The ANC put redress at the forefront of their policies: Sisulu - CNBC Africa

The ANC put redress at the forefront of their policies: Sisulu

Southern Africa

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ANC supporters during the 2014 elections. PHOTO: ANC

Fellow social activist Mayihlome Tshwete, told CNBC Africa,“I’ve been interacting with a lot of young people on social media and some of them are even first time voters, and they’ve been saying they’re out there voting for the ANC. With relation to the ANC’s policy, there’s a lot there. The ANC is committed to be ensuring that about 70 per cent of government’s business is going towards youth-owned companies.”

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“Apart from the business aspect of it, there’s also a lot of work that the ANC is doing with regard to universities and Further Education Training colleges, and strengthening those aspects to make sure that our youth are skilled and are more employable to go into the market. I have a lot of faith in the ANC’s youth policy, even transformation policy, and that I don’t see in any other party’s policies.”

Of the millions going to the polls on Wednesday, among them will be a number of ‘born frees’, a large percentage of young people that were born in 1994, at the cusp of South Africa’s democracy and governmental role of the ANC. Today, the youth form the larger percentage of the country’s unemployment rate.

 “The message being sent to born frees is ‘you’re free, forget about the past, let’s just keep it moving’, and the reality is that there is no such thing as keeping it moving. Parties will talk about how there’s 40 per cent unemployment; we don’t mention that it’s 40 per cent unemployment for black people, seven per cent unemployment for white people,” said Shaka Sisulu, public speaker and social activist.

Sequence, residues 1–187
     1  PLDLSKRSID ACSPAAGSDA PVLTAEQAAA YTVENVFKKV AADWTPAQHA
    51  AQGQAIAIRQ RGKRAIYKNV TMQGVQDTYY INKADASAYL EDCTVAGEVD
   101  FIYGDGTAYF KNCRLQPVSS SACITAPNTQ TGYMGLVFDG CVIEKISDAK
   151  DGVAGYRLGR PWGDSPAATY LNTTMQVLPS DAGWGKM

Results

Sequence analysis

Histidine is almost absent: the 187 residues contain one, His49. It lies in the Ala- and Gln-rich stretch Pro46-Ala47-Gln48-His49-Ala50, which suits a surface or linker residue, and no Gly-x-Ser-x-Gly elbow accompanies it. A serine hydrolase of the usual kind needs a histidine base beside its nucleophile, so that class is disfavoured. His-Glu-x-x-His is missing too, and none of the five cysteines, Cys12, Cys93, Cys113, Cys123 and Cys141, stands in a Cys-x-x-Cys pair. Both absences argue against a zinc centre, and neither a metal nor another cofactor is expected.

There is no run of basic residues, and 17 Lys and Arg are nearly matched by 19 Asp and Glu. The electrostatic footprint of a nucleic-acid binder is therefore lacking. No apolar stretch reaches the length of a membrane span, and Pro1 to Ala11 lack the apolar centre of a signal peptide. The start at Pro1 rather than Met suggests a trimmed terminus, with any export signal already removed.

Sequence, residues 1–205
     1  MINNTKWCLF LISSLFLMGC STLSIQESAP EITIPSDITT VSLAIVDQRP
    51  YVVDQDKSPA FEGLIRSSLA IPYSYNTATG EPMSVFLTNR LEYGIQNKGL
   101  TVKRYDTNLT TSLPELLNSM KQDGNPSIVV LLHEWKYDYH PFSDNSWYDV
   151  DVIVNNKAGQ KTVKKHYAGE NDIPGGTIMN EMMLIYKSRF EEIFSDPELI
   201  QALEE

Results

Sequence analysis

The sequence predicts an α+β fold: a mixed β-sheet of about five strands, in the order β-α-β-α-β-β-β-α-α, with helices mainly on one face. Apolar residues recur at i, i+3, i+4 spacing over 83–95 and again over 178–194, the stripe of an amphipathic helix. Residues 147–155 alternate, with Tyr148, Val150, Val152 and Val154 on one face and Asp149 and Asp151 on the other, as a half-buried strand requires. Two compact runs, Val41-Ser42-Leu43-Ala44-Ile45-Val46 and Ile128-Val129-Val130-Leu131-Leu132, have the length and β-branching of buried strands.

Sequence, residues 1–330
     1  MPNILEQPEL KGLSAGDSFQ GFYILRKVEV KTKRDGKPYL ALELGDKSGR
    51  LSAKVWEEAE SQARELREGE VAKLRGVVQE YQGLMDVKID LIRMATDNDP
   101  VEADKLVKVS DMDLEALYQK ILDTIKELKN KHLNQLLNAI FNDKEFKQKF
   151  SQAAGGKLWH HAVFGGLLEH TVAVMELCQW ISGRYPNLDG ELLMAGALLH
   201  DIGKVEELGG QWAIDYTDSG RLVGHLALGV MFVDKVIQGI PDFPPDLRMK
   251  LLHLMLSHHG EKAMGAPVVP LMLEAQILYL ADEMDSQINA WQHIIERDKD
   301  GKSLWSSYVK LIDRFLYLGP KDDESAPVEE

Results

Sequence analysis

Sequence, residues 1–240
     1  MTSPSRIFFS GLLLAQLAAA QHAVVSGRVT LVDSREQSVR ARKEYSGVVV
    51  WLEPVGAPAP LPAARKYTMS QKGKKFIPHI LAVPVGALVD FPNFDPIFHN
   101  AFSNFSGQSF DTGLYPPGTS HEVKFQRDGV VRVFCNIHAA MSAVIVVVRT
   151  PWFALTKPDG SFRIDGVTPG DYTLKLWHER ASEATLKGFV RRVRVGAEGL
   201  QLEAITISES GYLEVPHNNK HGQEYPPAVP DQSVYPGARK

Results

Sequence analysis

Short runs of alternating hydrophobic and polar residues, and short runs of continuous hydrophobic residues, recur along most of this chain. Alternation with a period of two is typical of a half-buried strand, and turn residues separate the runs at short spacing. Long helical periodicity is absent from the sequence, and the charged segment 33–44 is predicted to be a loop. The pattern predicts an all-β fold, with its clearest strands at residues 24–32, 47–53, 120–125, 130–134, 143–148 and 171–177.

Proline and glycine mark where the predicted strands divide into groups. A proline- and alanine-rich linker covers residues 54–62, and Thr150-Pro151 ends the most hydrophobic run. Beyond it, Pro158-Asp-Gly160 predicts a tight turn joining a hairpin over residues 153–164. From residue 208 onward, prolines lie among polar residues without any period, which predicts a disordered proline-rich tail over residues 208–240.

“Even when it comes down to our dire straits, there’s complete inequality. We are acting as if we’re just going to move out of the situation of an orchestrated segregation. It was not just racial, it was economic.”

Sisulu added that the ANC has therefore been taking the effects of the past's institutionalised inequalities to the forefront of its policies, and taking South Africa’s developing economy towards growth. This is all while applying redress.

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“The reason that you found that between ’94 and 2008, South Africa had the longest period of sustained uninterrupted growth up until the world recession, was because the ANC had thoroughly considered its options,” Sisulu explained.

“You’d find people on the right, the left and you’d find there’s always these different extremes pushing and pulling, and suddenly there’s almost a moderate centre being found. The reason that is, is because people understand that it’s not just a situation of saying ‘let’s go take everything back’”.

Some of the policies of redress include Broad-Based Black Economic Empowerment and the Restitution of Land Rights Act. More recently, government has embarked on a programme to provide a National Health Insurance scheme for South Africans across the board.

“If you look at what has been achieved in the past 20 years, [they] exist in different spheres: government has focused itself on building more skills, more hospitals, [and] what’s going to be the success of the National Health Insurance is going to be huge, especially for the ordinary South African who private healthcare for them is something that they’ll never see. That’s happening in terms of social infrastructure that government currently are rolling out,” Tshwete explained.

“It’s also happening in the sense of business. All these things, government is doing and some of them have produced great results. We are products of those policies.”

Despite the ANC’s policy frameworks of inclusivity and equality, sectors such as poor education, healthcare and high unemployment continue to ratchet, and poke gaping holes in the very policies implemented to address them.

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“You can’t expect government and the ANC to be the manufacturer of that inclusiveness. Many of us feel that the private sector hasn’t come to the party in this aspect. The ANC in 1994 had a number of financial restraints that [prevented them from] doing a number of social programmes,” said Tshwete.

“Some of this rhetoric is used by a number of parties, but the reality is that we do function on a very restrained fiscus. Unless we are working harder on other ways to start expanding our revenue streams for our fiscus, then making those types of promises is a danger in itself.”